Chad Redden

Andréia, Full Moon

The moon cannot be stolen

The moon cannot be stolen, only borrowed. Tonight, after your shift ends, I tell you about a surprise in the freezer. You hope it might be a pint of mint-chocolate chip ice-cream. You don’t notice the Moon resting on the bag of tater-tots, until I pull it out and place it in your cupped hands and then tell you how cold it was when I unscrewed it from the sky; how I was afraid it might melt, and that is why it was in the freezer. We sit on the couch and roll it from your hands to mine to yours again and then lick the wet trail it has left on our palms. You say it tastes sweet like sugar. I say it tastes like muddy snow. You hold it to your chest like a mouse, gently rocking it, and almost in tears. You ask if the tides will be affected. Yes, I reply. You sigh and then we go outside, and I climb on top of the trunk of the car to the roof, carefully. I stretch to reach the sky, and twist the moon like a light bulb back into place, and like a light bulb when it is firmly in the socket it turned on, blinding me for a second. The moon floats away, back to where it belongs in the night. Thank you, you tell me, thank you, again.

But we have so much sky to work with

Our mattress is a rocky foundation
and why we wake feeling as if we
haven’t wanted an ocean view as a
compromise a portrait of the great
cacti hung on your side of the bed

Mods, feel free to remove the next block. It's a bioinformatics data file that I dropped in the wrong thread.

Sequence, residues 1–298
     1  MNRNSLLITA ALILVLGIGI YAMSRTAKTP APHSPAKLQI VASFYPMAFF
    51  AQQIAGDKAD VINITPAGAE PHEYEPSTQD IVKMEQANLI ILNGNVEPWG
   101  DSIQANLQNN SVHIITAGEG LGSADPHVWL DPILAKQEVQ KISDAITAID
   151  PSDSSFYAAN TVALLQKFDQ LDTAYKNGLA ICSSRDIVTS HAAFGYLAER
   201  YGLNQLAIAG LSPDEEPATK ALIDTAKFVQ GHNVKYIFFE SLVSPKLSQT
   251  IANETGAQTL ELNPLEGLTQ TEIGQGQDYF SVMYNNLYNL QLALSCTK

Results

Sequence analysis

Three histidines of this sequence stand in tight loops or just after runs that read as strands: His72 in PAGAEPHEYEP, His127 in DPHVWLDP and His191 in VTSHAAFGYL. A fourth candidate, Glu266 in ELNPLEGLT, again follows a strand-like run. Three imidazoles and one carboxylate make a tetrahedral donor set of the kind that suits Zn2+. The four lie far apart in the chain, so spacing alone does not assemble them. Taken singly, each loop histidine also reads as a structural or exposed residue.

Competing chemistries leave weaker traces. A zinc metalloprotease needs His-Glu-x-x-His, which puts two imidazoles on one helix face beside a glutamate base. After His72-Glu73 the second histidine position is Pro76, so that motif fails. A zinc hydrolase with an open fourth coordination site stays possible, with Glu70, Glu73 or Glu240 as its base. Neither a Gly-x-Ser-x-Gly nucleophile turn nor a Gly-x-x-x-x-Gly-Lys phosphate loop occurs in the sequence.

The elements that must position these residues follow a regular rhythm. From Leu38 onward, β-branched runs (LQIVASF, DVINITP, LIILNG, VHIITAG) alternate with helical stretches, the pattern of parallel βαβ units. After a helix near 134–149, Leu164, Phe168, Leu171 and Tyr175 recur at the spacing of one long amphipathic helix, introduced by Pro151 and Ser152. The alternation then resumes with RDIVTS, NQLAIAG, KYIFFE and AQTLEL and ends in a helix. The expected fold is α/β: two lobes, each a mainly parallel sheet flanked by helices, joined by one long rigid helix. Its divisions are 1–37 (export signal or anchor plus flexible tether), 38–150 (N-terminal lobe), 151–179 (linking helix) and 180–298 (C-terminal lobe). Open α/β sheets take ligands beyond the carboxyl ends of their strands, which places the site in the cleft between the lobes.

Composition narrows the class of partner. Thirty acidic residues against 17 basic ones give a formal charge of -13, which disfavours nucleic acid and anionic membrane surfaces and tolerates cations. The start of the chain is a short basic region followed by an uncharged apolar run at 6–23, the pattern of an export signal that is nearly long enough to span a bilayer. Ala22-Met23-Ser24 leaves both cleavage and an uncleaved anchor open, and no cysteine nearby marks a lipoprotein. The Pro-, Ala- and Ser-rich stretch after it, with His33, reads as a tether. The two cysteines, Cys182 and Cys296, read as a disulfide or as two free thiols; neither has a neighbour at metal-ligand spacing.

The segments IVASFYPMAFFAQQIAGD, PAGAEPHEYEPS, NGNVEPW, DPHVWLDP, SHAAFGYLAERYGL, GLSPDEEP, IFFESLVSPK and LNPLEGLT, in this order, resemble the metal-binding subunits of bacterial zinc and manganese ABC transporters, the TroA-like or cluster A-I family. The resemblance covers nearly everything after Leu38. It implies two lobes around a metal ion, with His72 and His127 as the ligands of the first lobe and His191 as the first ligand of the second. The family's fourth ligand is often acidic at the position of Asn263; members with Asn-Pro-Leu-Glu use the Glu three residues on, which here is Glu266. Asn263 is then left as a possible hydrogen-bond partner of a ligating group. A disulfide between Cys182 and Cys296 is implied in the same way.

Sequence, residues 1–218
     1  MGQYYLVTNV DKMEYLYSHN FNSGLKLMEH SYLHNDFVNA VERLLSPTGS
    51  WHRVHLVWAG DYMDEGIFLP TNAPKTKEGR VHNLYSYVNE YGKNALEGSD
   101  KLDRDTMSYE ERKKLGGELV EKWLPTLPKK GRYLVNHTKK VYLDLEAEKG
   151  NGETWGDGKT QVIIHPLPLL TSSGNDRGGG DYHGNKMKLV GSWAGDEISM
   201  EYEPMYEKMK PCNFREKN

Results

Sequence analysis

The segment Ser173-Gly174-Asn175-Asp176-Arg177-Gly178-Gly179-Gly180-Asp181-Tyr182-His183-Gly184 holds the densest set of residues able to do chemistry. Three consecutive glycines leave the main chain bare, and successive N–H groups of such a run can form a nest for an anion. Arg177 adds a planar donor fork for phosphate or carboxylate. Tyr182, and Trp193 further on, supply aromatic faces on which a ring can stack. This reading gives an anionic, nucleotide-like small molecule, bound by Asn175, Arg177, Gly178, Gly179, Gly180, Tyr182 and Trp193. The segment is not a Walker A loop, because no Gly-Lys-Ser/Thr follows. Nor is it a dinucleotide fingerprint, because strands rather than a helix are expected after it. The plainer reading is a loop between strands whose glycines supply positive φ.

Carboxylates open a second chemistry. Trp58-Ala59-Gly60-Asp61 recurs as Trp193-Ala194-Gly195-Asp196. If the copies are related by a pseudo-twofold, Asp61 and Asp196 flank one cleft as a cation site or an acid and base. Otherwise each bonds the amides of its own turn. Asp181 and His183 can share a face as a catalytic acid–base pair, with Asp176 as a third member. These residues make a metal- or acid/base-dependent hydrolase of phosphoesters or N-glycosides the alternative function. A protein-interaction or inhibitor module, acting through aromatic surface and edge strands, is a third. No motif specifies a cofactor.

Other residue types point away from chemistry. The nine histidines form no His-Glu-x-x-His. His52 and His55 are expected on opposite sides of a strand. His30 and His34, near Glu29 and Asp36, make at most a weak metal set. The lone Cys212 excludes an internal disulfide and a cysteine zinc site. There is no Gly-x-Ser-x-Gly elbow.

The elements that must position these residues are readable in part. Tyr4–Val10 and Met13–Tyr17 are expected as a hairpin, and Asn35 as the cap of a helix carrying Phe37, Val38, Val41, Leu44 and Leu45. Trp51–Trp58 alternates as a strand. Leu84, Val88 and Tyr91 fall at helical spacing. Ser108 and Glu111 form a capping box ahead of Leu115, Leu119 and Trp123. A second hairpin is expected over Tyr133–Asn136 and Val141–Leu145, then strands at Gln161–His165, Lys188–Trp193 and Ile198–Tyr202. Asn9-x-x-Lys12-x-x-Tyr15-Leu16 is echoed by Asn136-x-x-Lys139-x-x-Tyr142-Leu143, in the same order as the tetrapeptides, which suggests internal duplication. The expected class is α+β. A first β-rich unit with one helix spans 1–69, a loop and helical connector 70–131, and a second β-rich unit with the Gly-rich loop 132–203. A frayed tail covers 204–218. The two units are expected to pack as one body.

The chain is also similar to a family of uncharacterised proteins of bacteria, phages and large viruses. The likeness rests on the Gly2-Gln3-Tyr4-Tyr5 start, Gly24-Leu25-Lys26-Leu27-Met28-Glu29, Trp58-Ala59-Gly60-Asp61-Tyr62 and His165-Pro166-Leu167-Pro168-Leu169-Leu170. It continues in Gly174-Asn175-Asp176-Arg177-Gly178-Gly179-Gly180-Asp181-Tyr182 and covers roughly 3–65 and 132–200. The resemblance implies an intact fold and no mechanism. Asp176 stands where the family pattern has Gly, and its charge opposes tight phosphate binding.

on the cold air at night hot air in the
day and you are unhappy I am asking
too much perhaps I am the night so
clear and silent you suppose that yes
it might be worth it in a few weeks
we will move the shoreline before the
water snatches our bed from beneath
us before we wake with water in our
mouths paddling as we do now pulling
at driftwood blankets to cover our skin

Only days that end with y

Most mornings are defined by songs played
at a volume that would grind most winds to
a halt those petty things disguised as plaster
walls full of dart holes no matter how much
plaster is injected into them they crumble and
maps can’t be kept in this apartment anymore
or crumbled lists or sidereal movements and
the sum affect of ocean currents on new songs
leave for work drive an hour inhale nicotine
then shower and shower and shower and shower

Prayer for an ’84 Ford Escort hatchback

If they have lived on plains
It is grass rolling
Under their feet forever.
— James Dickey, “The Heaven of Animals”

Lord, forgive us for we speak in low voices and do not wish the attention of the tow-truck driver or the manager of the restaurant where our car has sat for a week, becoming a joke passed among cooks and dishwashers.

Lord, forgive us for we do not know a prayer for an ’84 Ford Escort hatchback. Had we known any blessing, we’d have healed its cracked engine block and haggard transmission; the tow man would not have it hitched for a trip to the salvage yard.

Lord, we ask that you restore this car and replace the ruptured passenger side headlight, the shorted speaker wires, the stolen rear-view mirror, the spots of missing paint on its body that make it look like a dairy cow. Lord, forgive us for we do not know the breed of cow has spots like our car. Keep its interior clean and never again let it smell like old taco.

Lord, we ask that you create a road stretching forever before it, unbent by hills or stopped at ocean shores, so that this little Escort may accelerate to speeds never known in its lifetime.

May it forgive us for we do not know what this car could want from Heaven, for we were its poor stewards, hoping to make due, knowing it as scruffy thing puttering slowly, leaving a trail of black smoke upon Earth.


Chad Redden currently lives in Indianapolis, Indiana. His work has appeared  in analog and digital publications such as Angelic Dynamo, Biannicle, Fiore, SixSentences and [sic]. You can find him on Twitter here.